Competition Law and International Trade: The European Union and the Neo-Liberal Factor

4 Pacific Rim Law and Policy Journal 37 (1995)

Chicago-Kent College of Law Research Paper

22 Pages Posted: 23 Jul 2013

See all articles by David J. Gerber

David J. Gerber

Chicago-Kent College of Law - Illinois Institute of Technology

Date Written: 1995

Abstract

Ordoliberalism, a particular version of European Neo-Liberal thought, has played a central role in the relationship between competition law and trade policy with the European Union. The substantive component of this body of thought, which is based in Germany, emphasizes the importance of a transaction-based economy and economic freedom; the process component emphasizes the need for juridical processes in economic policy-making. Ordoliberalism has shaped European Union competition law and trade policy and their roles in European integration, and its weakening may cause major changes in the relationship. This essay explores that impact and its potential consequences.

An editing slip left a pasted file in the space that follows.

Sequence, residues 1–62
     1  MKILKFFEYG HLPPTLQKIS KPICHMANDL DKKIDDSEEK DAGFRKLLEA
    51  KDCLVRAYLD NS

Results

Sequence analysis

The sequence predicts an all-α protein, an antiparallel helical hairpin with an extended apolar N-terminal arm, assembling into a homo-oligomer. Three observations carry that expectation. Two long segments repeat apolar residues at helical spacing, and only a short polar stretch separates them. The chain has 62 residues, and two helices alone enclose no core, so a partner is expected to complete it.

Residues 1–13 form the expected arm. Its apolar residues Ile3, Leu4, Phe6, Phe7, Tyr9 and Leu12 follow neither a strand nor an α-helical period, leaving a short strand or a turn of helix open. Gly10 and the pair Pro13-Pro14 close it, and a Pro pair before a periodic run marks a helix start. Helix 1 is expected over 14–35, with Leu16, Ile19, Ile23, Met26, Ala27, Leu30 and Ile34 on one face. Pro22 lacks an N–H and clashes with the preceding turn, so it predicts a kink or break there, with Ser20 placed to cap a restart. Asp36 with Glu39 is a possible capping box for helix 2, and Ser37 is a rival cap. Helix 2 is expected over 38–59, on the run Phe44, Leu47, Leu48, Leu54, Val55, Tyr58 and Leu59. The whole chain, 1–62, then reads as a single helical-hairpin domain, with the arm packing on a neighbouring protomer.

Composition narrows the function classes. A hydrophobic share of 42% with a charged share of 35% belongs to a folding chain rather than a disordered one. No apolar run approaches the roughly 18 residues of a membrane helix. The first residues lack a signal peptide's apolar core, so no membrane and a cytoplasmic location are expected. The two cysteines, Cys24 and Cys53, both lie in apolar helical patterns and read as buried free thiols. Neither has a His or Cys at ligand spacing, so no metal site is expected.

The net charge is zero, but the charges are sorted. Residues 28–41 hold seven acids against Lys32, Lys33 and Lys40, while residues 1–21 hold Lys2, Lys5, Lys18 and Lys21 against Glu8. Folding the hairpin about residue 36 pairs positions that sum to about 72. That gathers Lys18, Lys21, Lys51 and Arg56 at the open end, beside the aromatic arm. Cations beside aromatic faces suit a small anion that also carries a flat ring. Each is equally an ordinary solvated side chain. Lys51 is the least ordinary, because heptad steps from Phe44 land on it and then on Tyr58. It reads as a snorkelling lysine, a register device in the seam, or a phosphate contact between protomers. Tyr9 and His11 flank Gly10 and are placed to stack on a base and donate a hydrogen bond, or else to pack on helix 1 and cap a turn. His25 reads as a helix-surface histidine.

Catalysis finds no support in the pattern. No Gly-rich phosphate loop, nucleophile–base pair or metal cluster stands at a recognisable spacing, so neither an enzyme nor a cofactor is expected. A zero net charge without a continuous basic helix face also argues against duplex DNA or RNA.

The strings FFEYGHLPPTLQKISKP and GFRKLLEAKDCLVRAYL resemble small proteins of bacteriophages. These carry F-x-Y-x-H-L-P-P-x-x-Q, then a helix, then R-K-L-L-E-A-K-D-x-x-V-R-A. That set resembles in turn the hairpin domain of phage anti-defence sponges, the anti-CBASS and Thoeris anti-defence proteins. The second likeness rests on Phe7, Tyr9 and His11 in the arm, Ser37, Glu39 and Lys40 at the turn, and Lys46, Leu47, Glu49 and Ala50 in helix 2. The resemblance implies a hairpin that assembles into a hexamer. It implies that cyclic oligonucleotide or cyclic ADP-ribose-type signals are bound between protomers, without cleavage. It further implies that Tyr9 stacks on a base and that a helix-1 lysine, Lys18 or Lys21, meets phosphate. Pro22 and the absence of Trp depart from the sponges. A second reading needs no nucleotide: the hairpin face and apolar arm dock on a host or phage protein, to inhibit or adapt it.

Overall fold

Keywords: ordoliberalism, Europe, Germany, competition law, antitrust law, international trade, international law, neo-liberalism, economics

JEL Classification: K19, K21, K33, K42

Suggested Citation

Gerber, David J., Competition Law and International Trade: The European Union and the Neo-Liberal Factor (1995). 4 Pacific Rim Law and Policy Journal 37 (1995); Chicago-Kent College of Law Research Paper. Available at SSRN: https://ssrn.com/abstract=2296964

David J. Gerber (Contact Author)

Chicago-Kent College of Law - Illinois Institute of Technology ( email )

565 W. Adams St.
Chicago, IL 60661-3691
United States

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